Posts: 10
Offline
My grandfather told me something a long time ago when I was a teenager that I'm just now starting to figure out. He said: "Don't be nice, be courteous". I think there is a difference between the two. When we are confronted with someone who is condescending, aggressive, impolite or mean, we must show them respect nonetheless. We should still hold out our hand for help, even if they refuse it. As O-sensei said, Aikido is the budo of love.

But sometimes love is tough. Aikido does not mean non-confrontational...it means confrontational in a manner which reveals an imbalance and tries to re-establish harmony between everyone. If someone is mean and rude, don't back down and kowtow. Instead, simply walk up to him and confront him with a smile. There's an old saying about approaching a stranger...if he walks towards you, walk towards him, if he walks away from you, also walk away. In other words, you must be a mirror to everyone else. Except instead of mirroring their anger, egocentricity or illwill, show them peace, selflessness, and goodwill.

It's not easy....I easily get road rage when a reckless driver does something stupid and potentially risks lives on the road. The trick is in the difference between feeling anger, and being angry. If you feel anger, then you let it pass, but being angry is to be controlled by your anger. It is the same with fear I think. When one confronts an enemy who is bent on doing you harm, it is natural to feel fear. Not fear of death or harm necessarily though. Confucious said, "Cowardice is knowing what is right...and not doing it". That I believe is the root of all fear, to not do what is expected of us, whether from our own standards, society's or the eyes of O-kami (God). And I think getting rid of our sense of self is in some ways our greatest fear and obstacle. If we can empathize with all, and realize there is no seperation, it is scary to our sense of self. It just seems obvious to us to avenge injustices (or rudeness) done to us.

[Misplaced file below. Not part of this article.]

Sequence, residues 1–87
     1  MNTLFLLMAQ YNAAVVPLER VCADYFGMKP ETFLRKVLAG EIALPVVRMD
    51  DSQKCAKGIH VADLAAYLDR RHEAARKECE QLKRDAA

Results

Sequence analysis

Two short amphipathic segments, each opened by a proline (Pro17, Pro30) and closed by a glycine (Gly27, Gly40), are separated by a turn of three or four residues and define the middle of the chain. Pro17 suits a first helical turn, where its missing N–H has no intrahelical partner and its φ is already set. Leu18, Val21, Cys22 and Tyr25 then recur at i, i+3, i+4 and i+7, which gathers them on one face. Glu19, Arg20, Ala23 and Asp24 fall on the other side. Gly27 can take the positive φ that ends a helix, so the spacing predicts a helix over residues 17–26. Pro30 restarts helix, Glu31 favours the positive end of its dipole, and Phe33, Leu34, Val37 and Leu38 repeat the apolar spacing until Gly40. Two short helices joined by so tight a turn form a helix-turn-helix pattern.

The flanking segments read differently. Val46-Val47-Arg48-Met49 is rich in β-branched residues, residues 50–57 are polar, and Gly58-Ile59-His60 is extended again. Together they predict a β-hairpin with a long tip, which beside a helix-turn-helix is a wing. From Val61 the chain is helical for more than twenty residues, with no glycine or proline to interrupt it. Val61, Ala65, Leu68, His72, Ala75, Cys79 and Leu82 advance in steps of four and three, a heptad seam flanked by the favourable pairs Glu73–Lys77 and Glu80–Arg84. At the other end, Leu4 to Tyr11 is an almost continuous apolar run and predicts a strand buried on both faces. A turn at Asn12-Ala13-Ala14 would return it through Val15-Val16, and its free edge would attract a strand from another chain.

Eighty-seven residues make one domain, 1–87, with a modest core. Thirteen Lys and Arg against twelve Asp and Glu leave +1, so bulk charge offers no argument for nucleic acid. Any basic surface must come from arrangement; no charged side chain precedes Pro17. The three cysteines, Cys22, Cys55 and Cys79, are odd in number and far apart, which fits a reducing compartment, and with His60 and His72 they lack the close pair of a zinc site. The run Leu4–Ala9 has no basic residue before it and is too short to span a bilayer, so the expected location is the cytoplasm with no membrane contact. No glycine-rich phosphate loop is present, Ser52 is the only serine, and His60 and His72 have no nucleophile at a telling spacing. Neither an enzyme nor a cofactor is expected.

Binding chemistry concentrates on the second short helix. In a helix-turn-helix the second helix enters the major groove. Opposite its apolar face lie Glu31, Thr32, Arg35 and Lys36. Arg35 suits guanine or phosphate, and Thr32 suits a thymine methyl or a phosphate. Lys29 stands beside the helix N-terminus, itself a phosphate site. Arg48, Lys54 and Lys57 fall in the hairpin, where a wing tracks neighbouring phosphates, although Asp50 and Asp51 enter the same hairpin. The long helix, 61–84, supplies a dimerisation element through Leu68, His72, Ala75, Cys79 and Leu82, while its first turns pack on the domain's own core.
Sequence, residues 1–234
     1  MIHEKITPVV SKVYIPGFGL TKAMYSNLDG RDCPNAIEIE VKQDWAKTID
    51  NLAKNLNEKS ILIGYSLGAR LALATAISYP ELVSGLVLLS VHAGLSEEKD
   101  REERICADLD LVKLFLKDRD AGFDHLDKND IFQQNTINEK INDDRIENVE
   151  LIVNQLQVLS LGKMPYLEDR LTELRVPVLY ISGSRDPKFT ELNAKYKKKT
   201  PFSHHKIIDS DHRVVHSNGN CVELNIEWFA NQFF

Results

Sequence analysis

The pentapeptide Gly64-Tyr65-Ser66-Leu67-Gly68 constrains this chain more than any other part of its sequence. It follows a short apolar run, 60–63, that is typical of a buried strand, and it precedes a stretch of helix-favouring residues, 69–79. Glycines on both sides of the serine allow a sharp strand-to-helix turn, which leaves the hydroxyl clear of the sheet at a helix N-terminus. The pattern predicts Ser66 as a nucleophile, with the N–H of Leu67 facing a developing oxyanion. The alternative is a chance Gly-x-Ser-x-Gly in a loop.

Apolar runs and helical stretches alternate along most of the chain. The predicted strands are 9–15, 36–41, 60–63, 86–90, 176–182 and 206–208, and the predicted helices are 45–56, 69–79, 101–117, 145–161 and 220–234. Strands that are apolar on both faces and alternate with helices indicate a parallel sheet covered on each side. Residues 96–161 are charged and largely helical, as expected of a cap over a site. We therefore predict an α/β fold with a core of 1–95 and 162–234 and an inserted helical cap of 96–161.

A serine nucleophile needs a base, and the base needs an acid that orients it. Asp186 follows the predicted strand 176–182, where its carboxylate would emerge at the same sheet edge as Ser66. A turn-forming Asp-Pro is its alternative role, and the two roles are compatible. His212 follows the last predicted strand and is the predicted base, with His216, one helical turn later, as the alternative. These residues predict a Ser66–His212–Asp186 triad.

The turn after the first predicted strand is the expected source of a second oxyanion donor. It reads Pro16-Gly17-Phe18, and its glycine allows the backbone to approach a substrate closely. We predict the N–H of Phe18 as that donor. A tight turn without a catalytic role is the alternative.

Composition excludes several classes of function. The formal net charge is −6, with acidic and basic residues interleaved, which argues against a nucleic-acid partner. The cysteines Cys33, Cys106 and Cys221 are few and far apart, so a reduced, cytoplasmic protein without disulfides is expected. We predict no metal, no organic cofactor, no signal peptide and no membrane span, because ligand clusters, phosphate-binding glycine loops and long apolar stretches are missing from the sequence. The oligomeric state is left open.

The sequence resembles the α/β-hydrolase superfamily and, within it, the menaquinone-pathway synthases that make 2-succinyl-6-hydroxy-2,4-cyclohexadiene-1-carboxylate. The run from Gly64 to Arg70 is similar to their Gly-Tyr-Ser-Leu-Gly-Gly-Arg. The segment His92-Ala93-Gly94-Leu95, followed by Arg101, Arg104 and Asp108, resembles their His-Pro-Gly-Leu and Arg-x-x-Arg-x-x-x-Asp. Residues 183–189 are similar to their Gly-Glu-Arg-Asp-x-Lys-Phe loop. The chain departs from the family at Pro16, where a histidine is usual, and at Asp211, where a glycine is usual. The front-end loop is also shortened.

Reply With Quote
Old 01-07-2004, 04:27 AM   #25
Ian Upstone
Location: Sussex
Join Date: Dec 2003
Posts: 80
Offline
Quote:
Andy Orwig (actoman) wrote:
My one question is this:At what point should we go against the Aikido principle of calmness and become aggressive and 'assholes' ourselves?
Never - if you can help it. I'd suggest being as polite and courteous as you can in any situation. As Sean said, there is a difference between feeling the anger and actually being angry.

If you saw two people talking, one getting angry, raising their voice and stamping around like a child, the other talking without backing down but still politely, you'd come to a quick conclusion about the people involved.

Not only is it (verbal aikido?) a good test of will power, it may make them realise, and then hopefully alter, the way they are behaving. It's difficult to argue with someone that is trying see your point of view.
  Reply With Quote

Please visit our sponsor:

AikiWeb Sponsored Links - Place your Aikido link here for only $10!



Reply


Currently Active Users Viewing This Thread: 1 (0 members and 1 guests)
 
Thread Tools

Posting Rules
You may not post new threads
You may not post replies
You may not post attachments
You may not edit your posts

vB code is On
Smilies are On
[IMG] code is On
HTML code is Off


All times are GMT -6. The time now is 01:37 PM.



vBulletin Copyright © 2000-2018 Jelsoft Enterprises Limited
----------
Copyright 1997-2018 AikiWeb and its Authors, All Rights Reserved.
----------
For questions and comments about this website:
Send E-mail
plainlaid-picaresque outchasing-protistan explicantia-altarage seaford-stellionate